Gaining Freedom from Fear in Myanmar
December 2, 2012
December 2, 2012
Myanmar, the Southeast Asian country formerly known as Burma, has been gaining an increasing amount of international attention this year. There is great hope that this once stagnant country will navigate the brisk transformation that is currently transpiring. This rapid change is due in part to the Obama administration’s decision to ease the ban on investments in Myanmar. Equally important, however, is the rise of Aung San Suu Kyi, a Nobel Peace Prize winner and once one of the world’s most prominent political prisoners.
Suu Kyi is the only daughter of Daw Aung San Suu Kyi, considered by many to be the “father of modern-day Burma” and one of the heroes of the nation’s independence in 1948. Inspired by her father and influenced by Mahatma Gandhi’s philosophy of non-violence, Suu Kyi entered politics to work for democratization. One of her most famous speeches was Freedom From Fear, which began: “It is not power that corrupts, but fear. Fear of losing power corrupts those who wield it and fear of the scourge of power corrupts those who are subject to it.” Her outspoken protest again the country’s military rule and widespread repression led to her detention in 1989 and she was held under house arrest for nearly two decades until her release in November of 2010.
Suu Kyi’s release was followed by significant change in her country. President U Thein Sein became president in early 2011 and has moved the country swiftly toward democratization, freeing a number of political prisoners and taking steps to liberalize the state-controlled economy. His government also reached out to Suu Kyi. In response, she returned to political life and was elected to Parliament in April 2012. Her party, the National League for Democracy, won nearly every seat in the elections. Following this landslide victory, Suu Kyi stated, “What is important is not how many seats we have won — although of course we are extremely gratified that we have won so many — but the fact that the people are so enthusiastic about participating in the democratic process.”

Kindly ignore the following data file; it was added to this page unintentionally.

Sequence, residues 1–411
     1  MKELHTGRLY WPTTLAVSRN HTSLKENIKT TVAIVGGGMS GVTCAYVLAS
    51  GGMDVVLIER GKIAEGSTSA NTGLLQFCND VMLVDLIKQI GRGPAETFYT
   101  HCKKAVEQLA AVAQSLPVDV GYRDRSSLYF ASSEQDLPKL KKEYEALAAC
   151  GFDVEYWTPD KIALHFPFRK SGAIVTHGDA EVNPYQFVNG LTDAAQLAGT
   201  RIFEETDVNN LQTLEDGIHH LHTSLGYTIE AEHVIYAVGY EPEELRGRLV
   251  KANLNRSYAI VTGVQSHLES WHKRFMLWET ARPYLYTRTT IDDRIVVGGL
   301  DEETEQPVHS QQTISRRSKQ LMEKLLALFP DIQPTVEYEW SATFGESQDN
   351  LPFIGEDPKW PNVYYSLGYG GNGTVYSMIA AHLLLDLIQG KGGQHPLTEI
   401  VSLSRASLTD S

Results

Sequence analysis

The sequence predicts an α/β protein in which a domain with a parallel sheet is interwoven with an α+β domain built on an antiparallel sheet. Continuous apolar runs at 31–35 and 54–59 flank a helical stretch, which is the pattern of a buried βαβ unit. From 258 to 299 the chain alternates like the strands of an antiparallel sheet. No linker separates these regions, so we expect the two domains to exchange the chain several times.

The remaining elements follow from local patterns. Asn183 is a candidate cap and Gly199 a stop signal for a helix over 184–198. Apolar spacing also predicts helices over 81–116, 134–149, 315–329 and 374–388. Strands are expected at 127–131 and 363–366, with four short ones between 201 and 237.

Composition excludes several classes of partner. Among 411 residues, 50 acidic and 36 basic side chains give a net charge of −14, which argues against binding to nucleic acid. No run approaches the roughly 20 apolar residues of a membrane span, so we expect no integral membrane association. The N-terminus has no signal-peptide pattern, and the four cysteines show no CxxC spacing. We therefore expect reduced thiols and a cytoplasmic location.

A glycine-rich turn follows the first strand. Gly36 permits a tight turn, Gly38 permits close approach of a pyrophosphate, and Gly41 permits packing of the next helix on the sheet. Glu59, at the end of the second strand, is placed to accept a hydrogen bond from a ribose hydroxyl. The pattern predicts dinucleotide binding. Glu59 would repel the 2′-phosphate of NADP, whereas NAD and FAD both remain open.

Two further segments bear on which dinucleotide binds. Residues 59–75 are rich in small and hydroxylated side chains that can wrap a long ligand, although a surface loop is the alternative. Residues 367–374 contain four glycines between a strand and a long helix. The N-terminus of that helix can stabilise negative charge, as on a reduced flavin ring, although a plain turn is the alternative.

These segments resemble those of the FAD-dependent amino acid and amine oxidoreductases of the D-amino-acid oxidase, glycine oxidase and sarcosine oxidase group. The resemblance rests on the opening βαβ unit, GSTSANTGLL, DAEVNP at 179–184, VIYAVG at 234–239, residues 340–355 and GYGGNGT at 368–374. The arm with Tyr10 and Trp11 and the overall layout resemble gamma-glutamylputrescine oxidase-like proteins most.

On the heels of Suu Kyi’s victory the European Union and Australia suspended their sanctions against Myanmar followed by the United States’ suspension of the enforcement of most American sanctions. In September 2012, President Thein Sein publicly praised Suu Kyi, stating, “As a Myanmar citizen, I would like to congratulate her for the honors she has received in this country in recognition of her efforts for democracy.” In another first, Mr. Thein Sein’s speech was broadcast live in Myanmar, allowing the country’s citizens an opportunity to witness the president’s outspoken tribute to Suu Kyi. President Obama paid an historic visit to Myanmar in November to push the country’s leaders to continue their democratic reforms, and announce new trade initiatives between the two nations.
That one woman’s strength in the face of so much repression and suffering can effect so much change in a country in desperate need of hope is a testament to the power of peace.